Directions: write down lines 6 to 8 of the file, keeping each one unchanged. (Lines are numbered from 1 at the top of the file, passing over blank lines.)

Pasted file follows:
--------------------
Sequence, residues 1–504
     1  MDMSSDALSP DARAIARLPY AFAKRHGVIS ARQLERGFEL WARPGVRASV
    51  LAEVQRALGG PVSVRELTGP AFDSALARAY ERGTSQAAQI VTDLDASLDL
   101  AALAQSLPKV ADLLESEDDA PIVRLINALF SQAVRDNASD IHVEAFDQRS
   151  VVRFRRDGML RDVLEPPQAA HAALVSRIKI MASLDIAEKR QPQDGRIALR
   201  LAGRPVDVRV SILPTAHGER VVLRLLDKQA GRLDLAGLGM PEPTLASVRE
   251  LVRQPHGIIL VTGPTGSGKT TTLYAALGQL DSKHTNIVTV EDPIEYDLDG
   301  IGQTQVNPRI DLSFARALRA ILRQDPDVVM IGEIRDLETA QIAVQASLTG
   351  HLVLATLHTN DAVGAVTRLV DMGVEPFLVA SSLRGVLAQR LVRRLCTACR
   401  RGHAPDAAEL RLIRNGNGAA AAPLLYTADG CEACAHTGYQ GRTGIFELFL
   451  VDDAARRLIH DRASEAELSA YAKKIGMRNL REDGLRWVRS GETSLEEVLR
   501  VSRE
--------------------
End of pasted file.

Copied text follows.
   201  LAGRPVDVRV SILPTAHGER VVLRLLDKQA GRLDLAGLGM PEPTLASVRE
   251  LVRQPHGIIL VTGPTGSGKT TTLYAALGQL DSKHTNIVTV EDPIEYDLDG
   301  IGQTQVNPRI DLSFARALRA ILRQDPDVVM IGEIRDLETA QIAVQASLTG